Thomas Jefferson Papers

From Thomas Jefferson to Daniel D. Tompkins, 24 February 1809

Washington Feb. 24. 09.


I received a few days ago your Excellency’s favor of the 9th. inst: covering the patriotic Resolutions of the Legislature of New York of the 3d. the times do certainly render it incumbent on all good citizens, attached to the rights & honor of their country to bury in oblivion all internal differences, and rally round the standard of their country in opposition to the outrages of foreign nations. All attempts to enfeeble & destroy the exertions of the General Government in vindication of our national rights, or to loosen the bands of union by alienating the affections of the people, or opposing the authority of the laws, at so eventful a period, merit the discountenance of all.

The confidence which the Legislature expresses in the national administration is highly consolatory, and their determination to support the just rights of their country with their lives and fortunes is worthy of the high character of the State of New York.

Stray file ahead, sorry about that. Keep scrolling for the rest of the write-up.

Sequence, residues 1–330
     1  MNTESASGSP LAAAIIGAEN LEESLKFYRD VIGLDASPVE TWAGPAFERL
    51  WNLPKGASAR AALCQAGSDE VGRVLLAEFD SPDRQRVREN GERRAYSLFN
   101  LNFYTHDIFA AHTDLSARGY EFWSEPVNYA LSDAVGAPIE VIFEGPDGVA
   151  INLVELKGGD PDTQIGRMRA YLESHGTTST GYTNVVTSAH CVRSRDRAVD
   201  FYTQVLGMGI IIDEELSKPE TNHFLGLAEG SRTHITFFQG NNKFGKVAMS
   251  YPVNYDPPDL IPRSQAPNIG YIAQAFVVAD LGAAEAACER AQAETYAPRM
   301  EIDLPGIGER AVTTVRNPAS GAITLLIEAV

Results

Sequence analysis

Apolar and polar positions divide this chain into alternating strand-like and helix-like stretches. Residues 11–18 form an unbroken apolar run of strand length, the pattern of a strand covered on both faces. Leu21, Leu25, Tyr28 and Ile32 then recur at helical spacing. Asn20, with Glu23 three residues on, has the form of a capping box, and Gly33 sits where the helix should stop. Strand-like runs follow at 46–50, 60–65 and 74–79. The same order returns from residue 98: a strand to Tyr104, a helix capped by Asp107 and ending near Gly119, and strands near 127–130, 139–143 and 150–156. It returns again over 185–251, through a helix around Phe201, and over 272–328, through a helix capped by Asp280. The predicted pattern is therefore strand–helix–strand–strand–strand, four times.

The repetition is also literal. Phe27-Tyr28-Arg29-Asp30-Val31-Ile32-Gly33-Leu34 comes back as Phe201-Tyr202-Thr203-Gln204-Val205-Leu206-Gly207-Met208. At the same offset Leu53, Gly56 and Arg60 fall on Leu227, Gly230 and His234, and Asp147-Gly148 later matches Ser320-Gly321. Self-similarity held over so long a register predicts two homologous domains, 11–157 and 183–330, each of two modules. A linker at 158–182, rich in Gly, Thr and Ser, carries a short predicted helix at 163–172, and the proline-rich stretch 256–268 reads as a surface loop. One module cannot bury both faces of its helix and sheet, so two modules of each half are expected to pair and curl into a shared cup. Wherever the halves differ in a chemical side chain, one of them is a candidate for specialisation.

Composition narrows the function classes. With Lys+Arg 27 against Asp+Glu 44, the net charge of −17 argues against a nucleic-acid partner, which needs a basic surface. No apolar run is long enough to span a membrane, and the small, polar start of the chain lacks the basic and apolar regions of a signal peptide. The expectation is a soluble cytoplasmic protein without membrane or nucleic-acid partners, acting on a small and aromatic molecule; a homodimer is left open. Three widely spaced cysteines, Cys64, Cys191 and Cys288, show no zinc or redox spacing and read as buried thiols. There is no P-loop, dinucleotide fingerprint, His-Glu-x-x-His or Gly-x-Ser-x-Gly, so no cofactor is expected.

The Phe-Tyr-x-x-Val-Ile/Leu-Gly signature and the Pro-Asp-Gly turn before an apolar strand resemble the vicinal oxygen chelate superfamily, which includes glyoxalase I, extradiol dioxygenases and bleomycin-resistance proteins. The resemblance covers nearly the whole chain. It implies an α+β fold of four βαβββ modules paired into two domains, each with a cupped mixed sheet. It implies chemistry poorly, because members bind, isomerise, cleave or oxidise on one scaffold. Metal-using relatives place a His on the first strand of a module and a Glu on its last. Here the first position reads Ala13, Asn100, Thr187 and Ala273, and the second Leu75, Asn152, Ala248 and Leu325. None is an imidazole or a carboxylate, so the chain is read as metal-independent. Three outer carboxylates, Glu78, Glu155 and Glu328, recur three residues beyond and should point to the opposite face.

By all, I trust, the Union of the States will ever be considered as the Palladium of their Safety their prosperity & glory, and all attempts to sever it will be frowned on with reprobation & abhorrence. & I have equal confidence that all moved by the sacred principles of liberty & patriotism will prepare themselves for any crisis we may be destined to meet, & will be ready to cooperate with each other and with the constituted authorities in resisting and repelling the aggressions of foreign nations.

The Legislature may be assured that every exertion will be used to put the United States in the best condition of defence that we may be fully prepared to meet the dangers which menace the peace of our country. I avail myself with pleasure of every occasion to tender to your Excellency the assures of my high respect & consideration.

Th: Jefferson


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